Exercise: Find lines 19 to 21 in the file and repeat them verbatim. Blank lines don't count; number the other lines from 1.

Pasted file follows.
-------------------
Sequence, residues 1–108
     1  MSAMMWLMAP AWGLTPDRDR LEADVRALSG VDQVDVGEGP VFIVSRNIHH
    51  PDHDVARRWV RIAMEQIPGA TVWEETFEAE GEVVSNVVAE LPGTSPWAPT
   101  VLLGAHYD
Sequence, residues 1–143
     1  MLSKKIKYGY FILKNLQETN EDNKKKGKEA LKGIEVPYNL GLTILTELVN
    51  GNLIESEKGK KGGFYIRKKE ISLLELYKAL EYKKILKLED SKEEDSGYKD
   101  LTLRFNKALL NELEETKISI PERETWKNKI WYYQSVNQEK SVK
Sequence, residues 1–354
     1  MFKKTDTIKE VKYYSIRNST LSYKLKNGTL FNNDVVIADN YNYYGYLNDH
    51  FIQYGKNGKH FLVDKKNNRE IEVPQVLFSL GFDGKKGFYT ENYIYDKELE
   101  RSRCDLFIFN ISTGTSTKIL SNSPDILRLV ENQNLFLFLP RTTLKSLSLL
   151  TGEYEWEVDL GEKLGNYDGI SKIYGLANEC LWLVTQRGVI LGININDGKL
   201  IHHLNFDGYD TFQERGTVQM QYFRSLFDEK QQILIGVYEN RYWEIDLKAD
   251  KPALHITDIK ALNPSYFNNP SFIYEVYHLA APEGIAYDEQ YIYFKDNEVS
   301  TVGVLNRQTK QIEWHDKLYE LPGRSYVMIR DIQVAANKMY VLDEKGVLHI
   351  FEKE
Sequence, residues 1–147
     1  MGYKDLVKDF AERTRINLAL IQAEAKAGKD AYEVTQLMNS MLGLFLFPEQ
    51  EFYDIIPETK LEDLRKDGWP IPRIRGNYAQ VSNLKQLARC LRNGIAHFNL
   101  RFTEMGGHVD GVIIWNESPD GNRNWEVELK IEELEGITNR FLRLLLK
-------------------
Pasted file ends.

     1  MGYKDLVKDF AERTRINLAL IQAEAKAGKD AYEVTQLMNS MLGLFLFPEQ
    51  EFYDIIPETK LEDLRKDGWP IPRIRGNYAQ VSNLKQLARC LRNGIAHFNL
   101  RFTEMGGHVD GVIIWNESPD GNRNWEVELK IEELEGITNR FLRLLLK